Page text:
(a film review by Mark R. Leeper)

CAPSULE: The ups and downs of a restaurant in Hamburg are the subject of this comedy directed by Turkish- German filmmaker Fatih Akin. The Greek-German owner of the restaurant neither knows what to do with the restaurant or his life. Balancing his friends, his delinquent brother, his customers and his girlfriend gives him more than he can handle and gives us the texture of multi-cultural Germany. This film is frequently likable but is never really intriguing. Rating: low +2 (-4 to +4) or 7/10

Zinos Kazantsakis (Adam Bousdoukos), a German-Greek living in Hamburg, runs Soul Kitchen, an unpretentious restaurant serving German lowbrow favorites like fish sticks, pizza, and schnitzel. These are basically all just heat-and-serve dishes. In addition to running the restaurant, he has a brother and friends who are more trouble than they are worth. His brother Illias (Moritz Bleibtreu), recently returned from prison on parole, is turning to robbery to support his rock band. His girlfriend Nadine (Monica Bleibtreu) is moving to Shanghai for an extended stay in her job as a foreign correspondent.

In the middle of this upheaval Zinos gives himself a back injury that will get in the way of him cooking. He brings in a new chef who wants to turn the menu highbrow, though the clientele still want their pizza and schnitzel. Chef Shayne (Birol Ünel), can take fish and chips and rearrange it so that it looks like something from a fancy haute cuisine restaurant. Soon Zinos is getting customers who want the very fancy dishes that Shayne can create. But this group does not seem to go with his brother's rock band. Zinos finds himself being pulled in several directions and several subplots work themselves out, perhaps a little too conveniently at times. In the back of Zinos's mind are always his tax problems and getting the restaurant going, but the script keeps several plots running at the same time. Will the restaurant go back to plain fare, turn into a music club, or be a nouvelle cuisine upscale restaurant? Or will it be taken by the Tax Office?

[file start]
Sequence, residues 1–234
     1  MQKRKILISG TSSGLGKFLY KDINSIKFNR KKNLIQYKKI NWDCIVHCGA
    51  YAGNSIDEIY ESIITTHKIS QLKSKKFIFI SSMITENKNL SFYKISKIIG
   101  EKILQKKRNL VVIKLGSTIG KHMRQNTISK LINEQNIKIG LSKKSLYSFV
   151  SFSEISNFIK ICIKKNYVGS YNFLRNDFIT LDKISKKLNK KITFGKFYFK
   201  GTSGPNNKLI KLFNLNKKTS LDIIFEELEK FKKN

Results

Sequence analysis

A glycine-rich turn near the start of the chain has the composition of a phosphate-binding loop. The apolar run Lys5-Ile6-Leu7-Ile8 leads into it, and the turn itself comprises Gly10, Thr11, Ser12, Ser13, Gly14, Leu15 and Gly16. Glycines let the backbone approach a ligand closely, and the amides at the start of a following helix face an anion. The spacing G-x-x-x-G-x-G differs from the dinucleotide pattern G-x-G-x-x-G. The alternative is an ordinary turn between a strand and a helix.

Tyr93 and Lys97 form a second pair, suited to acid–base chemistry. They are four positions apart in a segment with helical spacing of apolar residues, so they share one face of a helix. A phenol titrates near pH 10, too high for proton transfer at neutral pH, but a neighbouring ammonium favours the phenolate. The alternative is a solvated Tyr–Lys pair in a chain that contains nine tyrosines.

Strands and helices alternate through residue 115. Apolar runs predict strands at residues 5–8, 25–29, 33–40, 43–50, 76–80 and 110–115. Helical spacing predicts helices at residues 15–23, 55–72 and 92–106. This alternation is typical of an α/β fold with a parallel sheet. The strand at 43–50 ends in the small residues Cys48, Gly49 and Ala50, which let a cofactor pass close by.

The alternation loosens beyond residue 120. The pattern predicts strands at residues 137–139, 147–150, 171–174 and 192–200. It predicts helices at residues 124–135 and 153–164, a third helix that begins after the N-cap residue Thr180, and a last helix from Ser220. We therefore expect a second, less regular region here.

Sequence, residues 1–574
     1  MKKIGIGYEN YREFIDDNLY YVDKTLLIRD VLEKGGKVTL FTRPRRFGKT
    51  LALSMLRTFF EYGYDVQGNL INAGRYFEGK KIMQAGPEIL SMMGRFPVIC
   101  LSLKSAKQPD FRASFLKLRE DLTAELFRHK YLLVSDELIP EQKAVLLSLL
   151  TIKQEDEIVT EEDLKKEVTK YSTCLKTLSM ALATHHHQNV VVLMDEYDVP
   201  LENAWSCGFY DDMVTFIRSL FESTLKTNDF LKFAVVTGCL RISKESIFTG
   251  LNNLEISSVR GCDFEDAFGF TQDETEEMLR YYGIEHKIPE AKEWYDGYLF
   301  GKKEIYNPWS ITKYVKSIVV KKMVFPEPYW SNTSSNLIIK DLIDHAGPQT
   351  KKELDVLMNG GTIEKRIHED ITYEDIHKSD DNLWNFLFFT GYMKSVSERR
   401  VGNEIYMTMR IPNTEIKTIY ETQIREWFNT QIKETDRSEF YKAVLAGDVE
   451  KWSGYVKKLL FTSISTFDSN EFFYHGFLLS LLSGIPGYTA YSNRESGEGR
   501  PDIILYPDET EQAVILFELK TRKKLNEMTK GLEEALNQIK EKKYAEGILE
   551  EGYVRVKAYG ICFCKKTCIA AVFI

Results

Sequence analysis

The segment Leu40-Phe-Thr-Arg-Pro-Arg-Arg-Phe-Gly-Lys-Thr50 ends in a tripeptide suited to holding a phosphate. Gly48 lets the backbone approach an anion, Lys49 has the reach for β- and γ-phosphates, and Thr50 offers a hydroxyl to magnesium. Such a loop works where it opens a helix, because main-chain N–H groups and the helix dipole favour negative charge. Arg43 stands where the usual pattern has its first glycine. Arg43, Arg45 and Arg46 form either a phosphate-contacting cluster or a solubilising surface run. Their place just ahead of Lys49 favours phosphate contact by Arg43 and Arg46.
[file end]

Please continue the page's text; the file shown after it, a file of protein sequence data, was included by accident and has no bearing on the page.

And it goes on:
Director and co-writer Fatih Akin won awards including the Cannes Film Festival best screenplay award for his 2007 THE EDGE OF HEAVEN. That film was reputedly a very serious effort. While one would not call SOUL KITCHEN a lightweight film, it is a comedy with generally lighter moments. Akin keeps the pace up except when the film stops for a piece of party music. But none of the plot lines is ultimately totally satisfying. Some are downright predictable or clichéd. It is hard to feel much for anyone in the film but perhaps Zinos. Many of the gag situations do not go anywhere. When the chef puts aphrodisiac in the food the club has one night of being steamy, but there later seems to be little effect or even mention of the odd night at the restaurant. Toward the end the script starts feeling contrived. Akin knows where he wants the story to go, but it is a long way from there too near the end. One can too much see his fingerprints on the plot from pushing it toward the ending he wants.

There are endearing moments in this German-language film, but it feels like with a little more direction it could have been more than it is. Do stay for the closing credits. I rate SOUL KITCHEN a low +2 on the -4 to +4 scale or 7/10. SOUL KITCHEN will be released to theaters on August 20.

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					Mark R. Leeper
					Copyright 2010 Mark R. Leeper